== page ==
Types of tea


Revered for centuries in the Japanese tea ceremony, Matcha is the premium variety of shade-grown Japanese green tea that’s ground into an ultra-fine green powder. It’s a very flexible tea, since it can be used in all manner of recipes for drinks, meals and cakes. Anyone looking for an alternative to coffee as an energy boost should seriously consider Matcha. Not only is it incredibly healthy, it revives, invigorates and reduces stress (see “Health benefits” below).


The way its grown and produced is extraordinary. Made exclusively from the tips of the youngest tea plants (Tencha), the tea leaves are grown slowly in shaded tea plantations. The lack of sunlight boosts the levels of chlorophyll and L-theanine (see “Health benefits” below). A very pure tea due to the exacting standards under which it is made, it’s free of all foreign bodies, such as the veins of the leaf.

Appearance, taste and aroma

The best Matcha is bright green in shade, with lower qualities being less vibrant in hue. It should have an aroma that is subtly plant-like, smooth and sweet. It’s the content of amino acid that affects the taste. In general, if this is high, then the flavour tends to be sweet, whereas a bitter taste means it probably contains a lesser volume of amino acid but a higher level of catechins.


Three different types exist, as detailed below.

Ceremonial grade

The supreme quality of Matcha used mainly in tea ceremonies and Buddhist temples. This is stone ground into a powder by granite stone mills. The unschooled drinker is unlikely to notice a large difference between the Ceremonial and Premium grade. Ceremonial is characterized by subtle tones of “Umami” (a vegetal taste unique to the finest green tea).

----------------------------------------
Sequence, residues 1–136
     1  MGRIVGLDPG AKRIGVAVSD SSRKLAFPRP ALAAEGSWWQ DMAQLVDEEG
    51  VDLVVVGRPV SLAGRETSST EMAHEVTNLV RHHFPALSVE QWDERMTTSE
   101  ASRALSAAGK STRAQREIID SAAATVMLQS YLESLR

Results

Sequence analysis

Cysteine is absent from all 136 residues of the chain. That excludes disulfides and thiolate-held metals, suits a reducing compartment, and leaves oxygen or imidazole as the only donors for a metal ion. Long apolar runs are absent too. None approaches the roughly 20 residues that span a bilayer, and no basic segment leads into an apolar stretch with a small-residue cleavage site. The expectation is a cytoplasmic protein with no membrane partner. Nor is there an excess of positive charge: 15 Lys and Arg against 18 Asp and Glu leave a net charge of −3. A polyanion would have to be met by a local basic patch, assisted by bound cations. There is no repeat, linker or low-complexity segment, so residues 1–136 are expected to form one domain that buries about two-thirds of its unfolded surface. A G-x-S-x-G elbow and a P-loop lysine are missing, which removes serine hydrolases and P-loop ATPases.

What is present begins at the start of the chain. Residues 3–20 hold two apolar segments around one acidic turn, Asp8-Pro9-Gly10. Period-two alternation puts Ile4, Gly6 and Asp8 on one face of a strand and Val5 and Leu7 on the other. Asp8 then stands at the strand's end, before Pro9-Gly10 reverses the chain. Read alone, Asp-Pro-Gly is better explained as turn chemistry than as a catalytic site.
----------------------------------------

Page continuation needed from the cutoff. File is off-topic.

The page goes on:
Premium grade

High quality Matcha that contains the full nutritional content and uses tea leaves from the top of the tea plant. Best for daily consumption by everyone – whether new to the drink or not, it’s characterized by a fresh, subtle flavour.

Cooking/culinary grade

The cheapest of all, it’s ideal for cooking purposes. The taste is slightly bitter due to the use of leaves growing lower down on the tea plant.

Health benefits

Chlorophyll is truly beneficial for our health. It exhibits an antibacterial effect and has a positive influence on digestion. The high content of L-theanine amino acid is the reason for the full flavour and smoothness of Matcha. It aids relaxation and helps reduce stress. Other beneficial substances in Matcha are antioxidants - catechins, the most appreciated of which is EGCG (epigallocatechin gallate). Consequently, Matcha has 17 times the antioxidising properties of blueberries and 26 times that of acai berries.


The typical way to prepare Matcha is in a bowl, with a whisk for combining the water and tea powder. Pre-heat the bowl by pouring in water at 70 – 80°C, then tip it away. It’s best to boil the water and let it cool to the correct temperature before using it. Next put 1 g of Matcha into the bowl and add 100 ml of the same hot water and whisk thoroughly until the powder is completely dissolved. Vary the amount of Matcha according to taste.

Alternatively, instead of using hot water, it’s possible to mix Matcha into cold water, milk, soya or rice milk and fruit juice.

Matcha should be stored in a dry, dark place and consumed as soon as possible after opening the package for optimum freshness. Some people recommend storing it in the fridge.

Otevřít chat